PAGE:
When I left for work this morning I had my notebook with last night's prompt writing in it but I didn't have my USB drive or my digital camera with the pictures I wanted to put on here today. Which meant I couldn't really write a blog post while I was at work. Then when I got home I had to chase down a couple of bank deposits that I accidentally put into the wrong account (found 'em, whew!) and after that cook supper because I am the master of broiling thin pieces of pork without drying them out. Ask Durwood, he's a fan.
Last night I finished knitting Hat #1 of the Dobby's Hat(s). Do you see that little piece of yarn tail at the top? That's the bitter end of the first tiny skein and not quite enough to finish Hat #1 but since it's attached under the rolled brim of Hat #2 I figure it wasn't the end of the world. I slipped stitches to where I thought I was supposed to be and put it aside. Then I cast on Hat #2 (twice--of course I didn't have a long enough tail the first time). In fact I stayed up too late doing that so I punched the snooze button quite a few times this morning. Today at work I knitted on Hat #2 for an inch and then attached Hat #1 and #2. I felt very smart until I realized that if I continued the way I was currently knitting the short rows part of Hat #2 would be over the short rows part of Hat #1 and that would be wrong and even more cockeyed than it's meant to be. Happily I wasn't very far into it so I could tink back about half a round and put myself on the right track. I am very glad that I printed out all of the pictures actual size so I can use it as a guide along with the written directions. This is a fun and interesting pattern.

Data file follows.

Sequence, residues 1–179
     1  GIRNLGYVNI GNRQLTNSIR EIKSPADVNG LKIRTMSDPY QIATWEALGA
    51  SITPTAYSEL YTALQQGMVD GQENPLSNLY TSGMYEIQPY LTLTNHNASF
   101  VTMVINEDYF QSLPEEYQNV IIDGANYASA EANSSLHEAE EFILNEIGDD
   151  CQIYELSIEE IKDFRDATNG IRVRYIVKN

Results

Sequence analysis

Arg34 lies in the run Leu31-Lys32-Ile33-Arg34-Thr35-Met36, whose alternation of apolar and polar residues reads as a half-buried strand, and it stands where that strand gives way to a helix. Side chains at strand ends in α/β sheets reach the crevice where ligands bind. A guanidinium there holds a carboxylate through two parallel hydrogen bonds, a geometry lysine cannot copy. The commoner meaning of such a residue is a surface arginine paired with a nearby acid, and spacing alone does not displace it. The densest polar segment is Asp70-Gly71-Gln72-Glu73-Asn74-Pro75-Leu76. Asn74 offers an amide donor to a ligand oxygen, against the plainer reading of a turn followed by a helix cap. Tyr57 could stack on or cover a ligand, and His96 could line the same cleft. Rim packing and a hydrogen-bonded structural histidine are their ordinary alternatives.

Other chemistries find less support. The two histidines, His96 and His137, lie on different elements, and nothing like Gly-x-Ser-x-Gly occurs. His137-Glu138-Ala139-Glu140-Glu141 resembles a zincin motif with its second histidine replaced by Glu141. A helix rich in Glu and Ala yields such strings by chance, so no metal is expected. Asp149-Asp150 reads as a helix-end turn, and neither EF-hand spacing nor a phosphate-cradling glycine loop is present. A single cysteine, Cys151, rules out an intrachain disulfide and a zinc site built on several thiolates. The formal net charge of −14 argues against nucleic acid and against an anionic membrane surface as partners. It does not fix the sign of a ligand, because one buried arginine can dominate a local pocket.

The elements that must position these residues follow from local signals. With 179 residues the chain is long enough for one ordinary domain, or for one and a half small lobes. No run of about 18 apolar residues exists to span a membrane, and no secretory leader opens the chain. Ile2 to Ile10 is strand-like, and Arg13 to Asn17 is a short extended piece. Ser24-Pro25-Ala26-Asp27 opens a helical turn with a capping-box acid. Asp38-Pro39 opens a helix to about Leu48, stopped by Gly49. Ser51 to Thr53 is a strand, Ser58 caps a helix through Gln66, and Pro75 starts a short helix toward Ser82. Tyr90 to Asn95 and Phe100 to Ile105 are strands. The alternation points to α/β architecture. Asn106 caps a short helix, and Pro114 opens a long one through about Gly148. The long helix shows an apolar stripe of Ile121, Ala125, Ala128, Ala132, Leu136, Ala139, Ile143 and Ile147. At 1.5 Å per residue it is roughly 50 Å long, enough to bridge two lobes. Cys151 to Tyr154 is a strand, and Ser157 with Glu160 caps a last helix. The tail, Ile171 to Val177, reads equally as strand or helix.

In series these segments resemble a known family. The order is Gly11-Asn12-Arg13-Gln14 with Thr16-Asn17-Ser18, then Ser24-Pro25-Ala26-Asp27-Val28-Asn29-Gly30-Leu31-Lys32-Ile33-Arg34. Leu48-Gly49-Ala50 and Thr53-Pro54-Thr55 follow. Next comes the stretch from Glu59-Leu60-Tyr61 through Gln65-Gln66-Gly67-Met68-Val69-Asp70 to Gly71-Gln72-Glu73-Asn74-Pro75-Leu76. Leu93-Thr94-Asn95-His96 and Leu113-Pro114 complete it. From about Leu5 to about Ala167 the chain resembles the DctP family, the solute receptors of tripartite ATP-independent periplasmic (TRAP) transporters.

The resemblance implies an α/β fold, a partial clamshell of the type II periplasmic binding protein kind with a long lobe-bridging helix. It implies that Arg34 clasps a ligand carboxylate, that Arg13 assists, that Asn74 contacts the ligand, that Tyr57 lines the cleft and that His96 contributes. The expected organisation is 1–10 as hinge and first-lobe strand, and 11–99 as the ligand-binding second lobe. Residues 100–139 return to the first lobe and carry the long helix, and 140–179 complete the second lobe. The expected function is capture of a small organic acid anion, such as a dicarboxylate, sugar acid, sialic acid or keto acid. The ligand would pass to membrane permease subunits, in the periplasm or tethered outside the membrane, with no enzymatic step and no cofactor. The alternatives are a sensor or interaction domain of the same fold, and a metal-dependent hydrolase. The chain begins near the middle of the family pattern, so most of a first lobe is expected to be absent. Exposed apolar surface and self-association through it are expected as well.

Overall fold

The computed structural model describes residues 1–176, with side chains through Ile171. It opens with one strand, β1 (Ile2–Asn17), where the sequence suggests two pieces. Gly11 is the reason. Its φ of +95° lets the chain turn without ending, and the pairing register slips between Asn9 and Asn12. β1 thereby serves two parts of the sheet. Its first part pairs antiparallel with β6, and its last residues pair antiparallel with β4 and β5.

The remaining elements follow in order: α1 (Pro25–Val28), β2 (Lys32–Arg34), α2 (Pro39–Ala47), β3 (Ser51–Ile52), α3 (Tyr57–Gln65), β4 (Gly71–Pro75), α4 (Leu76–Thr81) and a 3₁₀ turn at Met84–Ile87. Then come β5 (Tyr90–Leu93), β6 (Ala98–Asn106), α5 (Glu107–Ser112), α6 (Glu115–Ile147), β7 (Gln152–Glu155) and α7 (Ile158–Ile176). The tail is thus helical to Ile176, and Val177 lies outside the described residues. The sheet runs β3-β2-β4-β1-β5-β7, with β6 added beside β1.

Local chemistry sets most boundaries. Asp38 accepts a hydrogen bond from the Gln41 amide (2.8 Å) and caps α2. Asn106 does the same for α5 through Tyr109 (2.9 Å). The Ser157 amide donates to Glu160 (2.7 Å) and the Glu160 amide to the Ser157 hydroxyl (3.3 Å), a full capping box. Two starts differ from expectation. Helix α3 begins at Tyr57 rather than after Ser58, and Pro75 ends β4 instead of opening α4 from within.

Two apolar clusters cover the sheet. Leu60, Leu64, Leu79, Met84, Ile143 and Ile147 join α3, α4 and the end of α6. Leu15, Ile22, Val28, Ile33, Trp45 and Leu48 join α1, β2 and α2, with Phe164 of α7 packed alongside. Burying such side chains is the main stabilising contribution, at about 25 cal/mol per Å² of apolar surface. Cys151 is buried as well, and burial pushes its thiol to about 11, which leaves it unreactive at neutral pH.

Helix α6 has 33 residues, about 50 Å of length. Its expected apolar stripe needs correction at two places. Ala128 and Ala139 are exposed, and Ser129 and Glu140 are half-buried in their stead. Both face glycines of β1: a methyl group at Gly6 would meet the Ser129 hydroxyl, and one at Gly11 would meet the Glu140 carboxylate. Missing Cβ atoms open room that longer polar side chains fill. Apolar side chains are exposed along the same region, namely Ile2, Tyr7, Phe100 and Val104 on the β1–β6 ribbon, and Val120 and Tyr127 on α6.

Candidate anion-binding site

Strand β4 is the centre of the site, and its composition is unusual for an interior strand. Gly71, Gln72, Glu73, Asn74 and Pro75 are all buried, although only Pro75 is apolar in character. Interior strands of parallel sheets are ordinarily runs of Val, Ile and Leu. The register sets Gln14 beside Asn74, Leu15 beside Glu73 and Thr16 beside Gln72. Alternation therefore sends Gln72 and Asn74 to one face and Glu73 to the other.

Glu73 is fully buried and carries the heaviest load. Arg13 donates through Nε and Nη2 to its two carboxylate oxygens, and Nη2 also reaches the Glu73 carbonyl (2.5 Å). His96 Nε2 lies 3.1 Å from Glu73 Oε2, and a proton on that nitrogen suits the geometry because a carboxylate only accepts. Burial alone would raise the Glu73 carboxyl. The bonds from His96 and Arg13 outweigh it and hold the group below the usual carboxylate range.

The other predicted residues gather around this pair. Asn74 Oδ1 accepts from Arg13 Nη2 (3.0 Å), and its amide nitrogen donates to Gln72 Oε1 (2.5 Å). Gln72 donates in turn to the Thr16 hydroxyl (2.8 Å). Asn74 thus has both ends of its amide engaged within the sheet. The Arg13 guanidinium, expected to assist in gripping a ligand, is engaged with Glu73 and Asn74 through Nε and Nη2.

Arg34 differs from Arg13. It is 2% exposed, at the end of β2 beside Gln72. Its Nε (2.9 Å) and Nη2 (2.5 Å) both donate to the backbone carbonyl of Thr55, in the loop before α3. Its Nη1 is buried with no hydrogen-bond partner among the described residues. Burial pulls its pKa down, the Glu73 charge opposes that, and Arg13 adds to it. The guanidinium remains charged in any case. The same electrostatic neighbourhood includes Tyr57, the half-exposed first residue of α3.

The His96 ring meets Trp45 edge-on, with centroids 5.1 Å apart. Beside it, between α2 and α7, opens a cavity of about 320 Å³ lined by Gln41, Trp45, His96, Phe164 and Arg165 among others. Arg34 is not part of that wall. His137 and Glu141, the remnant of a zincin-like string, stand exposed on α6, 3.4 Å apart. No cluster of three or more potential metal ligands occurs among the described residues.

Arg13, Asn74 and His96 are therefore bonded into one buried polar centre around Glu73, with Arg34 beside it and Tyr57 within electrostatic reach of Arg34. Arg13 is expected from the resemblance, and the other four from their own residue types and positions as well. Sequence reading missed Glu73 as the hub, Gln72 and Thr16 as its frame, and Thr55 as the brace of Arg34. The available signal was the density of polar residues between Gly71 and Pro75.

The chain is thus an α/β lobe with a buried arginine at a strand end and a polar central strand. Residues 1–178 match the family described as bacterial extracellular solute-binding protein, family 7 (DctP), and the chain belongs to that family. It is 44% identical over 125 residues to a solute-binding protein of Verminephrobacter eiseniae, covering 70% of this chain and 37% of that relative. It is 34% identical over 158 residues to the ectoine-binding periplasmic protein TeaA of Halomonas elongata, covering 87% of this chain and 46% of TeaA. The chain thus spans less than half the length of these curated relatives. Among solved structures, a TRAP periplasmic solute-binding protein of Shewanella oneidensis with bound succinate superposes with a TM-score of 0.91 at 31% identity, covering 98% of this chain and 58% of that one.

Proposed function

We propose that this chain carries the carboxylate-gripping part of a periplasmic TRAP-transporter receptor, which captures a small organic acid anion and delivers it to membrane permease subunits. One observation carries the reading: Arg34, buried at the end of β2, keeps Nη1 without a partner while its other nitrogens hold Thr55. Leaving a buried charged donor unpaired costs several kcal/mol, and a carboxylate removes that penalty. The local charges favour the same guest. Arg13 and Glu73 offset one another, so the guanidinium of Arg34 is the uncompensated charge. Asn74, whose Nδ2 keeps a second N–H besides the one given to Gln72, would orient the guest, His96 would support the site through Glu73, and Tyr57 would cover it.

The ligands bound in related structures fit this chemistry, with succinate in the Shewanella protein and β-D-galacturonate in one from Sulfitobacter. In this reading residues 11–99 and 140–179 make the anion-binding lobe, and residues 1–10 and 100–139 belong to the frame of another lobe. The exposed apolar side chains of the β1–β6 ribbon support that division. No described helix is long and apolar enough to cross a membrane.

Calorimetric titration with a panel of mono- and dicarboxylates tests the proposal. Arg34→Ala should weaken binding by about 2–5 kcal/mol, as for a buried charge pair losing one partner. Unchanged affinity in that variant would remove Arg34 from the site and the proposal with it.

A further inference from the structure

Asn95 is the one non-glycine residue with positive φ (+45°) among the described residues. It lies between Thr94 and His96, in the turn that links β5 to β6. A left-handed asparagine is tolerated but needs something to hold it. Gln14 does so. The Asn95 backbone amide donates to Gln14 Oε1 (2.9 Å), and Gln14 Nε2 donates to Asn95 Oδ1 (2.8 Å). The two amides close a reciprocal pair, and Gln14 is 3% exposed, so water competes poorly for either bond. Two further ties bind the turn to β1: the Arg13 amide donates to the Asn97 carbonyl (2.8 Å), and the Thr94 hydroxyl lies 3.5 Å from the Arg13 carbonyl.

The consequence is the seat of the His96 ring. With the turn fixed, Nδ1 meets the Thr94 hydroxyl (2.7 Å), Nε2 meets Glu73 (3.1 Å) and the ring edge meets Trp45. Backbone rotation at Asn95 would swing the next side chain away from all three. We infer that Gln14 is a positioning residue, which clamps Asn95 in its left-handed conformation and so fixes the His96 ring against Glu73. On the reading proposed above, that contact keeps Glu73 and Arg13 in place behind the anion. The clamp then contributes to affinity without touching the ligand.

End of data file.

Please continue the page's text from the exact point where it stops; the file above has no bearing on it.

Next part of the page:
July 30--Kevin Shafer, Emperor Penguins. Four of the birds stood in a tight line like shy boys at their first cotillion. Their black and white tuxedos of feathers were accentuated with pale yellow below their chins. Gail thought they looked particularly shy, made only a little brave by being together. She wanted to giggle with they let out with a shrill, whistling honk, she thought it sounded just like a boy's voice breaking, but then an answer came on the icy wind blowing down from the glacier. She had been awed by the size and colors of the icebergs the launch from the cruise ship had threaded through on its way toward shore and the penguin rookery.
Okay. It's almost 9 o'clock, about twelve hours after I usually write this stuff. I think I'll go knit.